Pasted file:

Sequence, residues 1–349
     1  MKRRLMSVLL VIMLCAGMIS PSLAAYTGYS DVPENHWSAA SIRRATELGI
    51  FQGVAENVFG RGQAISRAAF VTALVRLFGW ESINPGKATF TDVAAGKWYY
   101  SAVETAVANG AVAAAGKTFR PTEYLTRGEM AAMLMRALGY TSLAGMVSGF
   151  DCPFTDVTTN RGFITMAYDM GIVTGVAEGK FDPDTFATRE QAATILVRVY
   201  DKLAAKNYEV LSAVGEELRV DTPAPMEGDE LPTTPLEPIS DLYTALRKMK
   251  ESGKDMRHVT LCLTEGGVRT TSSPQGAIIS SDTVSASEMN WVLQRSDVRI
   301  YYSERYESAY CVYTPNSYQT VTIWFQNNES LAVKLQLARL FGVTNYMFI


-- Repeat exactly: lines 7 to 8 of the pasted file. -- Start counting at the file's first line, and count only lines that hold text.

   251  ESGKDMRHVT LCLTEGGVRT TSSPQGAIIS SDTVSASEMN WVLQRSDVRI
   301  YYSERYESAY CVYTPNSYQT VTIWFQNNES LAVKLQLARL FGVTNYMFI